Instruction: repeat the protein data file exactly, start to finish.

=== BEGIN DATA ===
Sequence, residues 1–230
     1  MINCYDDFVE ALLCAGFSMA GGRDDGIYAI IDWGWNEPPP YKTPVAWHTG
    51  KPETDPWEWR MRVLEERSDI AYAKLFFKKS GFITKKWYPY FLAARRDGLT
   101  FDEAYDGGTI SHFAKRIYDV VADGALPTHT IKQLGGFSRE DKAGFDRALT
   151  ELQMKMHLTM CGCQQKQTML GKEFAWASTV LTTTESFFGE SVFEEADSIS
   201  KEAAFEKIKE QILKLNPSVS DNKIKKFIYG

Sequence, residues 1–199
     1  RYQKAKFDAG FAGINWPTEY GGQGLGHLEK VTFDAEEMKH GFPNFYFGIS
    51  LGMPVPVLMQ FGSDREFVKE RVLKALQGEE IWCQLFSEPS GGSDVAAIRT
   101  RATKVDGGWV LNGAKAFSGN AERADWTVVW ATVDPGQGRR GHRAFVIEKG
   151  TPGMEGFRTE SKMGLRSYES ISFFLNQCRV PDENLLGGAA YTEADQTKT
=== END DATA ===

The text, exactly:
Sequence, residues 1–230
     1  MINCYDDFVE ALLCAGFSMA GGRDDGIYAI IDWGWNEPPP YKTPVAWHTG
    51  KPETDPWEWR MRVLEERSDI AYAKLFFKKS GFITKKWYPY FLAARRDGLT
   101  FDEAYDGGTI SHFAKRIYDV VADGALPTHT IKQLGGFSRE DKAGFDRALT
   151  ELQMKMHLTM CGCQQKQTML GKEFAWASTV LTTTESFFGE SVFEEADSIS
   201  KEAAFEKIKE QILKLNPSVS DNKIKKFIYG

Sequence, residues 1–199
     1  RYQKAKFDAG FAGINWPTEY GGQGLGHLEK VTFDAEEMKH GFPNFYFGIS
    51  LGMPVPVLMQ FGSDREFVKE RVLKALQGEE IWCQLFSEPS GGSDVAAIRT
   101  RATKVDGGWV LNGAKAFSGN AERADWTVVW ATVDPGQGRR GHRAFVIEKG
   151  TPGMEGFRTE SKMGLRSYES ISFFLNQCRV PDENLLGGAA YTEADQTKT